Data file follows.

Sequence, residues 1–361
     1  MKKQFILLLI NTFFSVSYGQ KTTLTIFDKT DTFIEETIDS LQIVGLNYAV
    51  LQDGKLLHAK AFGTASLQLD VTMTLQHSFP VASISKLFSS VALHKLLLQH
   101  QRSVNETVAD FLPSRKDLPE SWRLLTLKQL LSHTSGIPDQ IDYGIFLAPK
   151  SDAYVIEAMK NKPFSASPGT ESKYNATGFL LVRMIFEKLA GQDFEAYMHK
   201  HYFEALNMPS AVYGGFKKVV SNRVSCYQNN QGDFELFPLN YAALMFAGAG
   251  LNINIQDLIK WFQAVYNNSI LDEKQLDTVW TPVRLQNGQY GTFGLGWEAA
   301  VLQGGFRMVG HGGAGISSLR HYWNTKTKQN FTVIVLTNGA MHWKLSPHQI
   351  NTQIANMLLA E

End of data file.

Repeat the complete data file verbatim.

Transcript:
Sequence, residues 1–361
     1  MKKQFILLLI NTFFSVSYGQ KTTLTIFDKT DTFIEETIDS LQIVGLNYAV
    51  LQDGKLLHAK AFGTASLQLD VTMTLQHSFP VASISKLFSS VALHKLLLQH
   101  QRSVNETVAD FLPSRKDLPE SWRLLTLKQL LSHTSGIPDQ IDYGIFLAPK
   151  SDAYVIEAMK NKPFSASPGT ESKYNATGFL LVRMIFEKLA GQDFEAYMHK
   201  HYFEALNMPS AVYGGFKKVV SNRVSCYQNN QGDFELFPLN YAALMFAGAG
   251  LNINIQDLIK WFQAVYNNSI LDEKQLDTVW TPVRLQNGQY GTFGLGWEAA
   301  VLQGGFRMVG HGGAGISSLR HYWNTKTKQN FTVIVLTNGA MHWKLSPHQI
   351  NTQIANMLLA E